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Tuesday’s Headlines Reign Supreme

The Biden administration could see many of its climate change rules, including restricting tailpipe emissions, reversed after the Supreme Court limited the extent to which federal agencies can interpret laws.

  • Last week's Supreme Court decision reversing the longstanding Chevron precedent could endanger the Biden administration's efforts to restrict tailpipe emissions. (Reuters) And the court could go even further — it also limited the EPA's ability to regulate smokestack pollution that drifts across state lines (Grist).
  • Faulty or missing safety equipment on the backs of tractor-trailers may have contributed to several children's deaths, but the National Highway Traffic Safety Administration refused parents' requests to investigate. (Freight Waves)
  • Some of the most dangerous states for pedestrians are actually setting higher fatality targets so that they can gain access to more federal funds. (Streetsblog USA)
  • As a snap election approaches in the UK, both major parties are courting motorists, promising to build roads and running away from congestion pricing. (The Guardian)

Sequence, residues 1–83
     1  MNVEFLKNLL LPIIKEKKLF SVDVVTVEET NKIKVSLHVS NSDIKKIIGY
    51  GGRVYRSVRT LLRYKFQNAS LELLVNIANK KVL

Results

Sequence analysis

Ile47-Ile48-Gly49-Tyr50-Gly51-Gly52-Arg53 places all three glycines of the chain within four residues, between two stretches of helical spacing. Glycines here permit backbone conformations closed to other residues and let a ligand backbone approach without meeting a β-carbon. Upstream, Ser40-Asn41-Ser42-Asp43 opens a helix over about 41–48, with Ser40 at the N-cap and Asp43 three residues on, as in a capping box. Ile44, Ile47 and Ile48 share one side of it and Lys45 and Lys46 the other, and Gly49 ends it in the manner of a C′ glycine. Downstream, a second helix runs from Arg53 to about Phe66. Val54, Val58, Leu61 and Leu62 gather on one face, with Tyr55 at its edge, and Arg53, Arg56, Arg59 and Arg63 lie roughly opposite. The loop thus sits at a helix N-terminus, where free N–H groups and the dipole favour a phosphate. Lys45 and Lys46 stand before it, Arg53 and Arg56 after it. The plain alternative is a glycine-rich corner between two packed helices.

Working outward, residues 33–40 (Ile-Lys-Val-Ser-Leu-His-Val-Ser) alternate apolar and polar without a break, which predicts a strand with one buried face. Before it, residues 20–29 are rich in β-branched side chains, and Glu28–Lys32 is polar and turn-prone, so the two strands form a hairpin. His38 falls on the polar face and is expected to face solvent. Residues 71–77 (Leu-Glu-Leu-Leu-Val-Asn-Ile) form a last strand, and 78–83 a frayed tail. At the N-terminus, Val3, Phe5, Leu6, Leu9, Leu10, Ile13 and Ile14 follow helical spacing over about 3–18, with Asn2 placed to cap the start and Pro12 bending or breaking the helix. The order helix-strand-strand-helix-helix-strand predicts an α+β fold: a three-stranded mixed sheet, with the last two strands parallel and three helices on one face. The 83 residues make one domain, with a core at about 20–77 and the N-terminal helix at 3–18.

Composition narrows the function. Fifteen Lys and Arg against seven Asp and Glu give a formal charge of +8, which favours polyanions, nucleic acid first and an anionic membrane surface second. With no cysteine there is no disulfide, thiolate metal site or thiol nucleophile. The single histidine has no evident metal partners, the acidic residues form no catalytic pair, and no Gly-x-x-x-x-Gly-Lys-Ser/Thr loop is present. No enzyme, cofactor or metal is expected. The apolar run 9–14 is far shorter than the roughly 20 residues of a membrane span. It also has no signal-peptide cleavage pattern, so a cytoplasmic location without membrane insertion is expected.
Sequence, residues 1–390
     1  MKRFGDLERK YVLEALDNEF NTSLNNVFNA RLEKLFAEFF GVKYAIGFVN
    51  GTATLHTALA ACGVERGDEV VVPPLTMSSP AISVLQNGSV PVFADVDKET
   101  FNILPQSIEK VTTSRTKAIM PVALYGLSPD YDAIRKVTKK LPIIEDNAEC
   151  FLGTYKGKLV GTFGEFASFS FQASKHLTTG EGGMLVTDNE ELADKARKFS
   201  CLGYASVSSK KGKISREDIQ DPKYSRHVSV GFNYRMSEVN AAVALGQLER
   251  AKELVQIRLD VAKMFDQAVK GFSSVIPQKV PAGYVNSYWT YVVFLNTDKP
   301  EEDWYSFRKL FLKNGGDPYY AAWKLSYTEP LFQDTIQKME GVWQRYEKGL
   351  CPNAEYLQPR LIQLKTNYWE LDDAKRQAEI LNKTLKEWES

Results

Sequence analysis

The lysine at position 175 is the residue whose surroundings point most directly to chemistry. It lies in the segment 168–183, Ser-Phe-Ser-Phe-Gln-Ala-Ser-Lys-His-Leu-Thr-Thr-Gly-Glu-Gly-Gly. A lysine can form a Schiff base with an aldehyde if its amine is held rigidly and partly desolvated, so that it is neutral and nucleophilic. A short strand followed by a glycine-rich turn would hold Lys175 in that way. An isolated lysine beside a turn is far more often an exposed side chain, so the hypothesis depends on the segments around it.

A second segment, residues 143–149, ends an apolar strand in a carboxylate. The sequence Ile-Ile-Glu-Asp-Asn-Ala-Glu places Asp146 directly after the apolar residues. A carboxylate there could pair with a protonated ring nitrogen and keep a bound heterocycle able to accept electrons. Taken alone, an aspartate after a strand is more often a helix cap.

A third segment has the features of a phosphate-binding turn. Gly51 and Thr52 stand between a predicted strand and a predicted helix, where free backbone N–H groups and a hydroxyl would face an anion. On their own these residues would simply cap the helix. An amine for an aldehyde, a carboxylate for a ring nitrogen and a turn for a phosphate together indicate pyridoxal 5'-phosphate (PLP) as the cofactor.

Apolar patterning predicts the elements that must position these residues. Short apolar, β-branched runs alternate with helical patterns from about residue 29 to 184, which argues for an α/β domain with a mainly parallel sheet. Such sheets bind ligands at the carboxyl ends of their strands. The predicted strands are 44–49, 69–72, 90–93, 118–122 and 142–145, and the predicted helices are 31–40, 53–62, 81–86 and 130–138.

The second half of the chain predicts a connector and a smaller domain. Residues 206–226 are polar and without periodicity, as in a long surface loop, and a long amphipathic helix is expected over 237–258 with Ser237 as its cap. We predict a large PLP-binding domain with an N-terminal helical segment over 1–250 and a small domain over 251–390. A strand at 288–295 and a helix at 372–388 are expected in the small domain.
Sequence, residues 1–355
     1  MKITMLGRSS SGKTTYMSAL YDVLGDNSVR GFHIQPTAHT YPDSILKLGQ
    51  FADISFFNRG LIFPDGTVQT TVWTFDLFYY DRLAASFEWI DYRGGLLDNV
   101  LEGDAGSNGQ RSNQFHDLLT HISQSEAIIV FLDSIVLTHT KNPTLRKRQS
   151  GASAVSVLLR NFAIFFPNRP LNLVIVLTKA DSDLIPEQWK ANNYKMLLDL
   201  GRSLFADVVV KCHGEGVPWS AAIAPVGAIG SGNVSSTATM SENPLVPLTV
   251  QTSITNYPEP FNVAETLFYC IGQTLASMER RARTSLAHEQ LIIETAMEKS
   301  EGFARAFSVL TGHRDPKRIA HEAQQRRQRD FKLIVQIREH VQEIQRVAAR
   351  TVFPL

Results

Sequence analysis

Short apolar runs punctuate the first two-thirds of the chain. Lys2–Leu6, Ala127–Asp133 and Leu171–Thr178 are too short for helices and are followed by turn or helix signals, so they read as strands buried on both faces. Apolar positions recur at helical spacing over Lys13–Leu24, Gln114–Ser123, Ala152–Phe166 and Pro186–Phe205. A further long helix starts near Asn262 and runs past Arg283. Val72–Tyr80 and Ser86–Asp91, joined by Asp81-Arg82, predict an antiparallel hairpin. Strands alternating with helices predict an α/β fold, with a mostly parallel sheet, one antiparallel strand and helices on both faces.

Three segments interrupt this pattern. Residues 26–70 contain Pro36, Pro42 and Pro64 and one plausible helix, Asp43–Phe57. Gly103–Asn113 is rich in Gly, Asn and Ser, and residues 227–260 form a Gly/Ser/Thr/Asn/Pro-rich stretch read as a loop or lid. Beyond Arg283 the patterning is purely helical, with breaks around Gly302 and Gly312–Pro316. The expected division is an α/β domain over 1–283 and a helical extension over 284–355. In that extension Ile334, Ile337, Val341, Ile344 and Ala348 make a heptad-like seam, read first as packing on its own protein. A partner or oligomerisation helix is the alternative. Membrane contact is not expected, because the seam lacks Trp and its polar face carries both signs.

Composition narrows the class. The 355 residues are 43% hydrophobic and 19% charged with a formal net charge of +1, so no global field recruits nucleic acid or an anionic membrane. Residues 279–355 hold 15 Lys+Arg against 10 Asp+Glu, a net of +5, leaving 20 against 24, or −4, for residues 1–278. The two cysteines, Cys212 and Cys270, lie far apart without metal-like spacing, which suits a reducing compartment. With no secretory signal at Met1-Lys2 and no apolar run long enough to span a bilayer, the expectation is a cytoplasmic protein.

• After the last-minute collapse of Lower Manhattan congestion pricing 17 years in the making, is it even possible anymore for the U.S. to solve its problems? (Wall Street Journal; paywall)
  • In a major milestone, California regulators gave their final approval for the entire high-speed rail route between Los Angeles and San Francisco. (Chronicle)
  • The L.A. Metro is creating its own in-house police force. (LAist)
  • Washington, D.C. raised the fine for passing a school bus while it's dropping off kids to $500. (WTOP)
  • For some very dubious-sounding reasons, the Houston Metro removed stripes from its trains that made them more visible to pedestrians. (Axios)
  • Drivers are bad in Atlanta, but somehow the horses are even worse. (Journal-Constitution)
  • Replicas of the 1947 streetcars that inspired Tennessee Williams' famous play are now running in New Orleans. (Railway Age)

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